I visited Khao Yai again in September 2006 during a weekend stopover in Thailand. The park, which is only two hours from downtown Bangkok, seemed better than I remembered from 2004: perhaps there really were fewer people and more animals, or perhaps moving to Europe from Australia has lowered my expectations. Either way, it was a good weekend.
I used Pa (Panuwat) from Wild Bird Eco again to organise my trip, which he did very well. But this time Pa hooked us up with a Khao Yai guide – Nine – who also runs the Green Leaf Tour agency and guesthouse.
Nine was fantastic. He was very knowledgeable about the birds and mammals, speaks excellent English and is bloody good at finding things. I wanted to see two animals in the park: a Pileated Gibbon and a Binturong. The former are supposed to be rare in Khao Yai. The latter are quite common though hard to find.
Nine tracked down a family of Pileated Gibbons without too much trouble. Their call is distinctive and he knows the territories of the different groups. Later on that day we saw another male from a different group cross the road that runs up the mountain.
Binturongs proved trickier. Nine knew the location of several fruiting fig trees which we visited each day. But no Binturongs. He saw one two days after I left.
We saw a few mammals in those 36 hours. White-handed Gibbons were easy to see each morning. Giant, Variable and Grey-bellied Squirrels were common, as were Northern Pig-tailed Macaques, which panhandle along some of the roads near the visitor centre.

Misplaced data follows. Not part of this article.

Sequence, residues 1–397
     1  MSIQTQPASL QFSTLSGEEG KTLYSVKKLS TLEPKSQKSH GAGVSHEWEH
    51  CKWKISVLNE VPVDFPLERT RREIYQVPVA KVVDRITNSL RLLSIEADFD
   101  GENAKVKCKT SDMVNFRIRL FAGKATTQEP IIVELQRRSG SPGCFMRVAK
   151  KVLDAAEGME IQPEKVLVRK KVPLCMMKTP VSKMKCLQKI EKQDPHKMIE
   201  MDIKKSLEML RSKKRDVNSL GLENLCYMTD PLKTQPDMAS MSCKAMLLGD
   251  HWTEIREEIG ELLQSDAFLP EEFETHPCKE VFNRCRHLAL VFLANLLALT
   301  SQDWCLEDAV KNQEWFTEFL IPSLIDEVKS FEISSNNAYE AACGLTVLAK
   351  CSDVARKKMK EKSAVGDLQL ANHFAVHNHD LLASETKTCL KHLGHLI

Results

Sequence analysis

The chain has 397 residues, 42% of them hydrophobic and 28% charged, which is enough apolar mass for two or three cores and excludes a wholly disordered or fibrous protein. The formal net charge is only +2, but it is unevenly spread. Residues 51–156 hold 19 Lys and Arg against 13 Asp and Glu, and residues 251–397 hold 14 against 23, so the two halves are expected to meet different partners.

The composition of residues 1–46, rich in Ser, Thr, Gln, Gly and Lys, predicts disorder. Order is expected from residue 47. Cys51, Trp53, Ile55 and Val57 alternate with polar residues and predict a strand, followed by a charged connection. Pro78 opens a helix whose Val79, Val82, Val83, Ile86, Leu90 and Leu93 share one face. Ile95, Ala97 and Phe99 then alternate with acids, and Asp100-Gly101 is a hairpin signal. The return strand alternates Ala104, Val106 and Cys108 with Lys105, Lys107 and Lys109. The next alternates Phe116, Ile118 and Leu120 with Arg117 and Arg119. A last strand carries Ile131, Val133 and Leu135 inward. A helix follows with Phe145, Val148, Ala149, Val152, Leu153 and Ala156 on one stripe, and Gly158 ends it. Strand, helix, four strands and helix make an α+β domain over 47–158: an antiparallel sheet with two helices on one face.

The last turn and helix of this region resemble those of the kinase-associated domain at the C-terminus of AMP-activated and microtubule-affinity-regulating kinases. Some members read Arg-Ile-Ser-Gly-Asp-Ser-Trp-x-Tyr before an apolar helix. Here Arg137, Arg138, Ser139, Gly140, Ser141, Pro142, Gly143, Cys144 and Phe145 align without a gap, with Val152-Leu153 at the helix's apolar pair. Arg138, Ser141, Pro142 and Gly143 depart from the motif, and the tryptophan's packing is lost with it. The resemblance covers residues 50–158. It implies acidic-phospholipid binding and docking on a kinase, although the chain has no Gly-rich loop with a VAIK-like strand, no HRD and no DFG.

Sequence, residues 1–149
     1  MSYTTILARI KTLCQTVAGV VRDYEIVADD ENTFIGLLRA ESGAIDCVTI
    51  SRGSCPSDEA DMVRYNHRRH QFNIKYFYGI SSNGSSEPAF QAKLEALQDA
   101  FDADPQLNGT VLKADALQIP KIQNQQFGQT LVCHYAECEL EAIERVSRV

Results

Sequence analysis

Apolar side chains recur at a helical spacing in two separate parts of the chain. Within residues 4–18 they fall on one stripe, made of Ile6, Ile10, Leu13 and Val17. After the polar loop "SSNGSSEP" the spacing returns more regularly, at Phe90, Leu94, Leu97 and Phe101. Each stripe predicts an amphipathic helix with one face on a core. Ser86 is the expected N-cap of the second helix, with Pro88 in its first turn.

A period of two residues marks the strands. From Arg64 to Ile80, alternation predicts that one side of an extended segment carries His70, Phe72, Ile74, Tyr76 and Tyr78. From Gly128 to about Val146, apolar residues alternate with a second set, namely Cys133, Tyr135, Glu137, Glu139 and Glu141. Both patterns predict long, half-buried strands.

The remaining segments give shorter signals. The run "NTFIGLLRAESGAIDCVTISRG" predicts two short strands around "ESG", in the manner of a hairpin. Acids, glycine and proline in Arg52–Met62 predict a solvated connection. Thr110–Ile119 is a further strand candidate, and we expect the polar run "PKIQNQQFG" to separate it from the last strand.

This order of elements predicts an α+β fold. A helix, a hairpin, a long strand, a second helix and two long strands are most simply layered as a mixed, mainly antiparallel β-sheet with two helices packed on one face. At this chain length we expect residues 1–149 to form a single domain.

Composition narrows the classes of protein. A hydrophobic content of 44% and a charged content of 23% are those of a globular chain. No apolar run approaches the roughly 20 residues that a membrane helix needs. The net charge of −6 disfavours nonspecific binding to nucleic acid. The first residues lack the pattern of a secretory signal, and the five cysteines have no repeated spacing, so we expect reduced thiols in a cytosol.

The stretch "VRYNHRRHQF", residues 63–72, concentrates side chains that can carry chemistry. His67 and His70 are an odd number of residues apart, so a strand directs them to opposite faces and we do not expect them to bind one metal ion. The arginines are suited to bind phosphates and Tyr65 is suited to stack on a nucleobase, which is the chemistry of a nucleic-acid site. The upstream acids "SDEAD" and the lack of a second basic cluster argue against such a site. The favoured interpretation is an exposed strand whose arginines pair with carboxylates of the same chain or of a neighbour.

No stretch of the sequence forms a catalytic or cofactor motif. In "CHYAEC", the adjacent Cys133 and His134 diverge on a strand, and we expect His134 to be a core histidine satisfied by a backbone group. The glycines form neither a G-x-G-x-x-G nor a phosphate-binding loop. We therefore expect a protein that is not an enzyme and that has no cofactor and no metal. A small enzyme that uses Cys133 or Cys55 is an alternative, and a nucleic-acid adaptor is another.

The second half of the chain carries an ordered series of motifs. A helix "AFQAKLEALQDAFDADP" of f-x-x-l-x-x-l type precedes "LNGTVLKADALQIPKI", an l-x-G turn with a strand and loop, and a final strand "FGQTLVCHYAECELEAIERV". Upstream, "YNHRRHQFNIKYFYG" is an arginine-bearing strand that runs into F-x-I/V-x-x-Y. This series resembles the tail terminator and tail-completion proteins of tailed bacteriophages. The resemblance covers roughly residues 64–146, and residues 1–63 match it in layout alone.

In the evening Sambar and Northern Red Muntjacs are all around the accommodation blocks and I also spotlit a Malayan Porcupine here.
Over the past year or so the soldiers that guard the gate to the radar tower at the top of the mountain have taken to leaving food scraps out which have started attracting animals.
At 5 p.m. each day they leave a pile of rice just behind the sentry point. We spent an hour watching a group of Yellow-throated Martens feeding here. These are great animals and it was excellent to be able to watch them so well and for so long. An Asiatic Black Bear is also a quite regular visitor, though he/she hadn’t been seen for a couple of weeks.
At dusk, just below the gate, some bats streamed across the road. I caught one in a net to identify it as a Malayan Horseshoe Bat (Rhinolophus malayanus). I’d seen this species further south where it was rather more brightly coloured.
Spotlighting from a vehicle is not allowed in the park, other than on one of the official organised – and not very good – tours. I wandered along the road though with a light and saw a Common Palm Civet.